Despondency has never so far prevailed as to depress me to negligence; some faults will at last appear to be the effects of anxious diligence and persevering activity. The nice and subtle ramifications of meaning were not easily avoided by a mind intent upon accuracy, and convinced of the necessity of difentangling combinations, and separating similitudes. Many of the distinctions which to common readers appear useless and idle, will be found real and important by men verled in the school philosophy, without which no dictionary can ever be accurately compiled, or skilfully examined.

Some senses however there are, which, though not the same, are yet so nearly allied, that they are often confounded. Most men think indistinctly, and therefore cannot speak with exactness; and confequently some examples might be indifferently put to either signification : this uncertainty is not to be imputed to me, who do not form, but register the


language; who do not teach men how they should · think, but relate how they have hitherto exprefied their thoughts.

The imperfect sense of some examples I lamented, but could not remedy, and hope they will be compensated by innumerable passages selected with propriety, and preserved with exactness; some shining with fparks of imagination, and some replete with treasures of wisdom.

The orthography and etymology, though impere fect, are not imperfect for want of care, but because care will not always be successful, and recollection or information come too late for use.

That many terms of art and manufacture are omitred, must be frankly acknowledged; but for this dcfect I may boldly allege that it was unayoidable: I could not visit caverns to learn the miner's language, nor take a voyage to perfect my skill in the dialect of navigation, nor visit the warehouses of merchants, and shops of artificers, to gain the names of wares, tools and operations, of which no mention is found in books; what favourable acci. dent, or casy enquiry brought within my reach, has not been neglected; but it has been a hopeless labour to glean up words, by courting living information, and contesting with the sullenness of one, and the roughness of another.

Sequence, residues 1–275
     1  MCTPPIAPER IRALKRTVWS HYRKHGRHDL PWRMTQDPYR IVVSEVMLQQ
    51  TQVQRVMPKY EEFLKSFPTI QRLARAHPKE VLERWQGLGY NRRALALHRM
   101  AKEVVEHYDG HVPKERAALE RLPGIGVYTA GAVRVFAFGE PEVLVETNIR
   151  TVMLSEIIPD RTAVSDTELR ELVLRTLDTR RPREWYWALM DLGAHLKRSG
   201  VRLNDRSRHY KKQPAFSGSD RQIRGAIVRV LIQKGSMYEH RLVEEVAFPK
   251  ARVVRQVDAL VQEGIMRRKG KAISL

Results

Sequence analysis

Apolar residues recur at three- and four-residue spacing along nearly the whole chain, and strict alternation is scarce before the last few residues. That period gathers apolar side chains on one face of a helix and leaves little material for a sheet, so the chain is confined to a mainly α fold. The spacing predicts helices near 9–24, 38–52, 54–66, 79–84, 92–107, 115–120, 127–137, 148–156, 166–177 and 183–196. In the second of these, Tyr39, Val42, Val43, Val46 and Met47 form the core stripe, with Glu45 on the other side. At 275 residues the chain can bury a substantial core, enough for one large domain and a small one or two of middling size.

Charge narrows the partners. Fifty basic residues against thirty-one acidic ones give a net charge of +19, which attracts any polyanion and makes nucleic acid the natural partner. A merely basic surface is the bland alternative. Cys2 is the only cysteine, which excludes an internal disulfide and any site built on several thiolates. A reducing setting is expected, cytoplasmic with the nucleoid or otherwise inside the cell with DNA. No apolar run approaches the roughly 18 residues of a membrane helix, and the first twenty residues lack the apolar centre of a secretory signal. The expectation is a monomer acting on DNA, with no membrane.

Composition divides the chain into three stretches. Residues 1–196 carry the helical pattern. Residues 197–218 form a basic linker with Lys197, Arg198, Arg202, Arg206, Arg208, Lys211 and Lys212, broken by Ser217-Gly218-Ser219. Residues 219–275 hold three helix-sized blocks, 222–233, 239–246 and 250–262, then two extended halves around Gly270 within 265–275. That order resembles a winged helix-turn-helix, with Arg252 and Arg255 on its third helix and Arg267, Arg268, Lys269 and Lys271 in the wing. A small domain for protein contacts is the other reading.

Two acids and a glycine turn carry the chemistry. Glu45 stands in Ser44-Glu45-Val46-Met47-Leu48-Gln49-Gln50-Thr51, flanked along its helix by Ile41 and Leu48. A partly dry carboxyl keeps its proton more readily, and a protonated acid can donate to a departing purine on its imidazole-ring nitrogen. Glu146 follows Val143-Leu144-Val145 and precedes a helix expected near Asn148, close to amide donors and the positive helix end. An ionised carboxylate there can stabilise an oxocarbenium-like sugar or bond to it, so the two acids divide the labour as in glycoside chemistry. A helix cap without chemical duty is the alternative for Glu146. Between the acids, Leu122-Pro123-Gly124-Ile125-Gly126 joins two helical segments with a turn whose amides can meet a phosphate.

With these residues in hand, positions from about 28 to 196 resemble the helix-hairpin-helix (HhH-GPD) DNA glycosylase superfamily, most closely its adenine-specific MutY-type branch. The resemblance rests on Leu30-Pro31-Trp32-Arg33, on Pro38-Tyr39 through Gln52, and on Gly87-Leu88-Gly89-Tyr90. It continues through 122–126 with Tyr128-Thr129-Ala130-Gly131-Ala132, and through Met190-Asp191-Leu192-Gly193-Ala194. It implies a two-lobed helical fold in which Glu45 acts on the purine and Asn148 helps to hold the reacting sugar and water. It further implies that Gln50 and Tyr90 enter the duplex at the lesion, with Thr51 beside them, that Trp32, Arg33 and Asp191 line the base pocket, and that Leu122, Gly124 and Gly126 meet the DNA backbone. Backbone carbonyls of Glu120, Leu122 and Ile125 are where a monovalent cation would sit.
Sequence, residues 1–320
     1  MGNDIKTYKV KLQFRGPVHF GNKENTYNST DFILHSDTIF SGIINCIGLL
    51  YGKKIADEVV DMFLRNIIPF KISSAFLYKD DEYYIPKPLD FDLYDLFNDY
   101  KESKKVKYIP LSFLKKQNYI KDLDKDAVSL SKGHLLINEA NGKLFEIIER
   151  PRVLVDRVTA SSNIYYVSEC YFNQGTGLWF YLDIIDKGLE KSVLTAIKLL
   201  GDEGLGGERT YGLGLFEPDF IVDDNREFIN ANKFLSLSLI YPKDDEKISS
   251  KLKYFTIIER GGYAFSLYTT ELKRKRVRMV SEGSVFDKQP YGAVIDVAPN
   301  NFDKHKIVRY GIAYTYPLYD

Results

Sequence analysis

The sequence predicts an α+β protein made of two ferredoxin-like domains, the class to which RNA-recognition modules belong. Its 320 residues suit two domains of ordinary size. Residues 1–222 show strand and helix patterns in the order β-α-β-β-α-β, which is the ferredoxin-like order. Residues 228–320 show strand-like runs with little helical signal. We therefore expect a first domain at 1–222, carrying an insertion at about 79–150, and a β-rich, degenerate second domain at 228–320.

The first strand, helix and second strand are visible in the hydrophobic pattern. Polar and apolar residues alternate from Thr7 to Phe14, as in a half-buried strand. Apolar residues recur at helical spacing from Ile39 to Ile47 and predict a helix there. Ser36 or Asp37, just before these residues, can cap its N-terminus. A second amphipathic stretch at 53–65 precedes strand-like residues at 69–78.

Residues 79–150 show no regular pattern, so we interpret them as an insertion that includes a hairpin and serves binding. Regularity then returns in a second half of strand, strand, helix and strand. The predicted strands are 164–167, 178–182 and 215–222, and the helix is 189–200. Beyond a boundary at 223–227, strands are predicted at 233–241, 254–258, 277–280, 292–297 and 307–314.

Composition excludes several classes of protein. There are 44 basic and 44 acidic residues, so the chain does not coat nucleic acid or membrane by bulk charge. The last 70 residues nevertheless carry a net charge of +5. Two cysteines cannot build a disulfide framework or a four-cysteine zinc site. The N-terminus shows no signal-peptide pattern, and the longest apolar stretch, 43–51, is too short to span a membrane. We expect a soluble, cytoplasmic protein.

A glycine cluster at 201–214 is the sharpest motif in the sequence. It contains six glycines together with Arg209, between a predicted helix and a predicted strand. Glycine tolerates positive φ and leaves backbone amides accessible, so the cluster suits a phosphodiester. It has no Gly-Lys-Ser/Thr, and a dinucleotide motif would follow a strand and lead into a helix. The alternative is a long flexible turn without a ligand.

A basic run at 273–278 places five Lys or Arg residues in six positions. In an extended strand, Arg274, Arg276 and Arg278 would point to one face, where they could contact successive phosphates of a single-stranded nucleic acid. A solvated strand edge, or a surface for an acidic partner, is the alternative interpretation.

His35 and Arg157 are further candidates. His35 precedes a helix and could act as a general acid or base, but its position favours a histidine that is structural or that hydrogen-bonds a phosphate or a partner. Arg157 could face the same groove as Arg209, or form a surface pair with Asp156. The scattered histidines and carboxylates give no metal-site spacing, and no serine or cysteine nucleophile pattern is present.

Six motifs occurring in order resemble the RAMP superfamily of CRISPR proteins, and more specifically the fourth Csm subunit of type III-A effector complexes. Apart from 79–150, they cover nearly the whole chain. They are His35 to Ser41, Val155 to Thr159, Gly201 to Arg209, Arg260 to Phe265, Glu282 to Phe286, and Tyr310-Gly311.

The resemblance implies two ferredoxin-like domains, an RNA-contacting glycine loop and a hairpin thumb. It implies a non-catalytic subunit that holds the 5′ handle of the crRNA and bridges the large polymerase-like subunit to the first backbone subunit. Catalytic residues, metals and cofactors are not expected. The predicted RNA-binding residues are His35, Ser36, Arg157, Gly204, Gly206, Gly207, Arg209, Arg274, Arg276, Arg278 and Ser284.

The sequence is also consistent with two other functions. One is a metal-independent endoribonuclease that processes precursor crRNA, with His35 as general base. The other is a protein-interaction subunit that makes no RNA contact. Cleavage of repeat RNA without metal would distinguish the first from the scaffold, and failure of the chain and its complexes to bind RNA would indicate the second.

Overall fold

To furnish the academicians della Crusca with words of this kind, a series of comedies called la Fiera, or the Fair, was professedly written by Buonaroti; but I had no such assistant, and therefore was content to want what they must have wanted likewise, had they not luckily been so supplied.



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Nor are all words which are not found in the vocabulary, to be lamented as omissions. Of the laborious and mercantile part of the people, the diction is in a great measure casual and mutable; many of their terms are formed for some temporary or local convenience, and though current at certain times and places, are in others utterly unknown. This fugitive cant, which is always in a state of increase or decay, cannot be regarded as any part of the durable materials of a language, and therefore must be suffered to perish with other things unworthy of preservation.

Care will sometimes betray to the appearance of negligence. He that is catching opportunities which feldom occur, will suffer those to pass by unregarded, which he expects hourly to return; he that is searching for rare and remote things, will neglect. those that are obvious and familiar: thus many of the most common and cursory words have been inserted with little illustration, because in gathering the authorities, I forbore to copy those which I thought likely to occur whenever they were wanted. It is remarkable that, in reviewing my collection, I found the word fea unexemplified.

Thus it happens, that in things difficult there is danger from ignorance, and in things easy from confidence; the mind, afraid of greatness, and disdainful of littleness, hastily withdraws herself from painful searches, and passes with scornful rapidity over tasks not adequate to her powers, sometimes too secure for caution, and again too anxious for vigorous effort; sometimes idle in a plain path, and